Corrective Solutions' website does its best to imply that it's an arm of law enforcement. A slideshow gently fades in and out with statements about "holding offenders accountable for their actions." An interactive map shows its 140 contracts with DAs nationwide.
Nowhere does it say that most of these "offenders" have never been investigated or formally charged with a crime.
District attorneys don't pay a cent for Corrective Solutions' services. Instead, the company pays them to run their bad-check programs. All prosecutors must do is hand over their official letterhead, along with a list of bad-check writers and a bit of "case criteria."
Between 2005 and 2008, Miami-Dade raked in more than $375,000. When asked whether the county's program was little more than a money-making scheme, Toussaint balked. "Diverting such cases out of the criminal justice system gives an individual with no prior record an opportunity to avoid having a criminal record," she says. "It makes the victim receiver of the worthless check whole, and it is done with no cost to the taxpaying citizens of our community. Pretrial diversion programs also allow the courts to focus on other types of criminal activity."
But while prosecutors claim they use collection agencies to decrease caseloads, some companies actually promise to expand them — for the sole purpose of generating more money.
Take BounceBack, the industry's second-largest player. Palm Beach County switched to the firm in 2006 after "merchants and other victims were complaining that they felt intimidated by the people administering the program. Check writers complained of strong-arm collection tactics."
Since then, Palm Beach has "passed the $1.5 million mark," according to BounceBack, which won't discuss its business practices.
Ed Griffith, spokesman for the Miami-Dade State Attorney's Office, believes that if a bad-check writer ignores contact by a merchant, that's proof enough of a crime. "Your failure to make good on that check is an issue of intent. The opportunity to make good and not take advantage of that opportunity speaks to your attitude."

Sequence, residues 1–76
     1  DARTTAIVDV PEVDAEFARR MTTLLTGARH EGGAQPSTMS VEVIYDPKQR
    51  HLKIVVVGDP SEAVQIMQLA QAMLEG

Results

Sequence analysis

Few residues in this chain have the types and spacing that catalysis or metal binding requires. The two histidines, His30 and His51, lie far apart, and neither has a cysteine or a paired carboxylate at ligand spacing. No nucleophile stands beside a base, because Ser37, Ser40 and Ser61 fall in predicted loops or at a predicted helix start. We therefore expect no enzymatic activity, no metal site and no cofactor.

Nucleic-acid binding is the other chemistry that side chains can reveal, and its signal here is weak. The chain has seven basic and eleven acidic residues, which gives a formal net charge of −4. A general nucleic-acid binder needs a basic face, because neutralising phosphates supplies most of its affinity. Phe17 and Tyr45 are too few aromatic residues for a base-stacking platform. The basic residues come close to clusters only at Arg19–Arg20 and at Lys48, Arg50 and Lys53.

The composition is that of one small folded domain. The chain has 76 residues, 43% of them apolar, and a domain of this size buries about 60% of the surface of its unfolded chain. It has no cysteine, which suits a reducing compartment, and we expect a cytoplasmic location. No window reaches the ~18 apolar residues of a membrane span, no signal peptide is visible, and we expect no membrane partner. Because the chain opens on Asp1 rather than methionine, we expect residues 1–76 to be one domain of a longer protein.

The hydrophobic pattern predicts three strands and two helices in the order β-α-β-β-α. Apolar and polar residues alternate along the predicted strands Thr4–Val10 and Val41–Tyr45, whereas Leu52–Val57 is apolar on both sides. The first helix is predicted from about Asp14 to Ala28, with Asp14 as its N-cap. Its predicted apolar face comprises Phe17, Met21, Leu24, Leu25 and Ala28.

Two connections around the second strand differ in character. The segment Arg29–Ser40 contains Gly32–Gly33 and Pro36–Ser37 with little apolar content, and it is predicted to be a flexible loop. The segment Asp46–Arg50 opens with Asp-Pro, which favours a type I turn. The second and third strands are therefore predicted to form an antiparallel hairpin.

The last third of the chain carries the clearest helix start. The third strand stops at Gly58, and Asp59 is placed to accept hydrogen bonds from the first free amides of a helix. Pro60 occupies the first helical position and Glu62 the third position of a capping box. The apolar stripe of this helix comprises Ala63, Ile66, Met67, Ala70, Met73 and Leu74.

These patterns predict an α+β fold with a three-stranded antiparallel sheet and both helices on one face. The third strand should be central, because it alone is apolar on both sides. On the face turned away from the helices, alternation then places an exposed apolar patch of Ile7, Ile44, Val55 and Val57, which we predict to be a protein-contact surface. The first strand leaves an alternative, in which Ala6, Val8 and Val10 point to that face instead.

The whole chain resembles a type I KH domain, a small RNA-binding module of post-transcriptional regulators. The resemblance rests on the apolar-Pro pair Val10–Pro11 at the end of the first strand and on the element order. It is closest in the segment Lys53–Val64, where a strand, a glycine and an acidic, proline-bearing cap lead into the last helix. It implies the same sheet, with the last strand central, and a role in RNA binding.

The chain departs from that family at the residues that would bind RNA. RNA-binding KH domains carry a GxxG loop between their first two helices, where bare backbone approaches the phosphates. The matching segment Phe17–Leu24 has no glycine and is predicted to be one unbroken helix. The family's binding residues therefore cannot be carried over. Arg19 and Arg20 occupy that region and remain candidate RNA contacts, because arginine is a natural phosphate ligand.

Griffith further argues that even innocent mistakes merit sentencing to financial accountability class. "Even if someone says that their child overdrew their account, we believe putting them in a diversion program is the right move."
In 2010, yet another class-action suit was brought against Corrective Solutions on behalf of more than 600,000 victims in California and Pennsylvania. The company was accused of violating the Fair Debt Collection Practices Act.
In November, it agreed to pay a $3 million settlement. But because the class was so big, each victim would receive less than $3. A federal court refused the settlement, ordering both parties back to negotiations.
As the case against Corrective Solutions languishes in court, advocates hope Congress will finally close the 2006 loophole.
They received a glimmer of hope in October, when the Consumer Financial Protection Bureau announced that it would be overseeing debt collectors starting this year. For the first time, the feds will require debt collectors who make more than $10 million a year to supply regular reports, making sure they aren't deceiving and threatening consumers.
But for now, the only oversight comes from those making money on the deals: the district attorneys themselves. And they show little interest in policing the industry. So victims such as Orr have little recourse but to hire lawyers, paying thousands to defend themselves for bouncing $50 checks at the grocery store.